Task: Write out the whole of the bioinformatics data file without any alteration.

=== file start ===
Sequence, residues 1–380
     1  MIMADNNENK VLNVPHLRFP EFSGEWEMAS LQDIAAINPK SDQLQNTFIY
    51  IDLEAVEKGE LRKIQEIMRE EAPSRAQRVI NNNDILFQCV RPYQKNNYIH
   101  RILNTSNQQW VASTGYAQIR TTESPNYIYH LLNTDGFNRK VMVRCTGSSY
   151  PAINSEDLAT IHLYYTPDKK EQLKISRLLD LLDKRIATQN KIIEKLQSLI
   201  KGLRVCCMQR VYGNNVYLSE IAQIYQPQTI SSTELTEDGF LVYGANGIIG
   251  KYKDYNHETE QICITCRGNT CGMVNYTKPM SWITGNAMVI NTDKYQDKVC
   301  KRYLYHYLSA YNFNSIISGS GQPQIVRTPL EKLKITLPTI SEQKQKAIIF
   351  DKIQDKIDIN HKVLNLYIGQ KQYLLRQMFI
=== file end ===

Sequence, residues 1–380
     1  MIMADNNENK VLNVPHLRFP EFSGEWEMAS LQDIAAINPK SDQLQNTFIY
    51  IDLEAVEKGE LRKIQEIMRE EAPSRAQRVI NNNDILFQCV RPYQKNNYIH
   101  RILNTSNQQW VASTGYAQIR TTESPNYIYH LLNTDGFNRK VMVRCTGSSY
   151  PAINSEDLAT IHLYYTPDKK EQLKISRLLD LLDKRIATQN KIIEKLQSLI
   201  KGLRVCCMQR VYGNNVYLSE IAQIYQPQTI SSTELTEDGF LVYGANGIIG
   251  KYKDYNHETE QICITCRGNT CGMVNYTKPM SWITGNAMVI NTDKYQDKVC
   301  KRYLYHYLSA YNFNSIISGS GQPQIVRTPL EKLKITLPTI SEQKQKAIIF
   351  DKIQDKIDIN HKVLNLYIGQ KQYLLRQMFI